The Greening of the Urban Animal

June 11, 2007, 5:44 pm
Basic Instincts
Behavior on Two, Four, Six and Eight Legs

A few days ago, for the first time in our history as a species, the human population of the planet Earth became predominantly urban, not rural.

by Richard Conniff

What does it mean to become a city-dwelling species?
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How to access the article

Published in: on June 15, 2007 at 12:05 am  Leave a Comment  

More Useless Knowledge

Basic Instincts
Behavior on Two, Four, Six and Eight Legs

When army ants are sweeping across the forest on one of their massive predatory raids, potholes tend to slow them down. And just the other day, British researchers revealed how these hard-charging creatures deal with the impediment: Individual ants fling themselves down and bridge the potholes with their bodies. In fact, the volunteers seem to size-match themselves to the holes they choose to plug. And when the army has tramped across their backs, they get up, dust themselves off, and head home to join the communal feast.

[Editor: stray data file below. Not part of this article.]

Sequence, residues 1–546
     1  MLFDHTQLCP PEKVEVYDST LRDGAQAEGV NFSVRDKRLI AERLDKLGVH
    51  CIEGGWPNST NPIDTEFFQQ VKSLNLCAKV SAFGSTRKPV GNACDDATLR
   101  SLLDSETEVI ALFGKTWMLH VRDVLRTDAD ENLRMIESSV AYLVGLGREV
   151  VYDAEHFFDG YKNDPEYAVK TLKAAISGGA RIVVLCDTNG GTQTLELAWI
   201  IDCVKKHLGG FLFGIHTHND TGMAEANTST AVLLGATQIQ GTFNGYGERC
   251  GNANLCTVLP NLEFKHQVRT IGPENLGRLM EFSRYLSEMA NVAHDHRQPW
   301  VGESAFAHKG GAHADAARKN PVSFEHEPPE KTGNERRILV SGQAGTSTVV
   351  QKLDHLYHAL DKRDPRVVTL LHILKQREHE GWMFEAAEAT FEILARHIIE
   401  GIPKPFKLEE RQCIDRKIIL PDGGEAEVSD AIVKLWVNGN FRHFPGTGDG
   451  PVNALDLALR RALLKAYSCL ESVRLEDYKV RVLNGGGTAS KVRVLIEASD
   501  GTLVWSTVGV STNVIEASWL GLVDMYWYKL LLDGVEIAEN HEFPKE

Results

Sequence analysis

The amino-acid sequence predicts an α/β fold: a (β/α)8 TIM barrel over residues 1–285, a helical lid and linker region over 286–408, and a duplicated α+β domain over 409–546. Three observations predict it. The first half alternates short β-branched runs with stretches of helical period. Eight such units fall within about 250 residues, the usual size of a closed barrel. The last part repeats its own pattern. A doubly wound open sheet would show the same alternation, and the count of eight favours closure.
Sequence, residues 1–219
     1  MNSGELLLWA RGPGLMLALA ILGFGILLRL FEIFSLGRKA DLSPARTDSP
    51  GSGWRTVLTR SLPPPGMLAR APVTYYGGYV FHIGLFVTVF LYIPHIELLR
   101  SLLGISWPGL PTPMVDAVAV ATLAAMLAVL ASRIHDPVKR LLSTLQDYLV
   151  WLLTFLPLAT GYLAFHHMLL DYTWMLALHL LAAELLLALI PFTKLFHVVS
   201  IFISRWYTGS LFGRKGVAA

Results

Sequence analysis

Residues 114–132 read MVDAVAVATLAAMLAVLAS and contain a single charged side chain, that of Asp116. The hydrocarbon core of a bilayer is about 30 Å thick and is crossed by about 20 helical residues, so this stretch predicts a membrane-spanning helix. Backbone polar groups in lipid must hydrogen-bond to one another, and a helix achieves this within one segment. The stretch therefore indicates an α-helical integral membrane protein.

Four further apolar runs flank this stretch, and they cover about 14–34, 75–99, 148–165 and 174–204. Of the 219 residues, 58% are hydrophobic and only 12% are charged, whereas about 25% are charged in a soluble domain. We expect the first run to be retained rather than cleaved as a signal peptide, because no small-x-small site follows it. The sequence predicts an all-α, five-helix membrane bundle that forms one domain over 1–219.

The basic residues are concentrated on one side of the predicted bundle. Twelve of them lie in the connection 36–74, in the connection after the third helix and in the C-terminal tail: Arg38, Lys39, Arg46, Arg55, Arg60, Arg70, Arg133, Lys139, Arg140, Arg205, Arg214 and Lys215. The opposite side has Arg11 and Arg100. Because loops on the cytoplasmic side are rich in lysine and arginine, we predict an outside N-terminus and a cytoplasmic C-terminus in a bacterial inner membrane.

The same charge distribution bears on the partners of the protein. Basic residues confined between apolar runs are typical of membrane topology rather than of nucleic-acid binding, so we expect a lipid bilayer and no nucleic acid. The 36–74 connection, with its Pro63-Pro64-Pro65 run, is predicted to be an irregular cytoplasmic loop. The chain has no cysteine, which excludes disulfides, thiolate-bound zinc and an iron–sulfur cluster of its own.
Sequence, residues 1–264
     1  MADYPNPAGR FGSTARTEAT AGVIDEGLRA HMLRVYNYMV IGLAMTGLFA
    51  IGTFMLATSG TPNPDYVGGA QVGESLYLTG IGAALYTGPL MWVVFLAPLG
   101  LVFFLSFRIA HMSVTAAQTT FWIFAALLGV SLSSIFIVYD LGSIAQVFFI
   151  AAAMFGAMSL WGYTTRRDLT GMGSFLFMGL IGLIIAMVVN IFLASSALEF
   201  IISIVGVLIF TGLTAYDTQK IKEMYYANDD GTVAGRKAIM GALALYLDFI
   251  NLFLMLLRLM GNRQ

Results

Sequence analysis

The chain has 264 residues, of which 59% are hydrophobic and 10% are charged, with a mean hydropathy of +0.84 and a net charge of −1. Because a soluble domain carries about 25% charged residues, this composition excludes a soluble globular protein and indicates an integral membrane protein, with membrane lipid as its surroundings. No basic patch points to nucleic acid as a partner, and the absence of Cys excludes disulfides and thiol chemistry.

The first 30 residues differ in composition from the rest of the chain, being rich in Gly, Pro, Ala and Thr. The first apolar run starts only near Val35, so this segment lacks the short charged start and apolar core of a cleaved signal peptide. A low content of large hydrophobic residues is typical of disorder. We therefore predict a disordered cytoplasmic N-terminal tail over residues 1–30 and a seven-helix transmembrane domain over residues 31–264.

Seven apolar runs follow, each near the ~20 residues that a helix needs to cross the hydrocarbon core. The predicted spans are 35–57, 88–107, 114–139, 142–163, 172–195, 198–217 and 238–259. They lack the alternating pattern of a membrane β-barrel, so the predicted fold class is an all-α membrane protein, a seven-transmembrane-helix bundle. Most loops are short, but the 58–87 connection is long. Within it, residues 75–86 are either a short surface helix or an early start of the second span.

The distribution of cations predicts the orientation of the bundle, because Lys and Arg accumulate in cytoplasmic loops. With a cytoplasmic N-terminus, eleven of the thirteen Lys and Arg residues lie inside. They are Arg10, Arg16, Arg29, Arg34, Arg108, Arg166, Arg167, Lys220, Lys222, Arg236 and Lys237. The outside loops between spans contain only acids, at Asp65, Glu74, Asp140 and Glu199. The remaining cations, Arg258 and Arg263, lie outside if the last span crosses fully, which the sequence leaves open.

Richard Conniff
————


How to access the article
Wondering why you can’t just read it here?

Published in: on June 15, 2007 at 12:00 am  Leave a Comment  

America Comes Up Short

PAUL KRUGMAN
So what is America’s modern height lag telling us?

————–

How to access the article
Wondering why you can’t just read it here?

Published in: on June 14, 2007 at 10:49 pm  Leave a Comment  

House Passes Stem Cell Bill Despite Veto Threat

On a vote of 247 to 176, the House overwhelmingly passed the bill, with Republicans and Democrats forging a coalition to authorize federal support for research using stem cells derived from spare embryos that fertility clinics would otherwise discard. The Senate approved the legislation in April.

Published in: on June 7, 2007 at 11:27 pm  Leave a Comment  

Biologists Make Skin Cells Work Like Stem Cells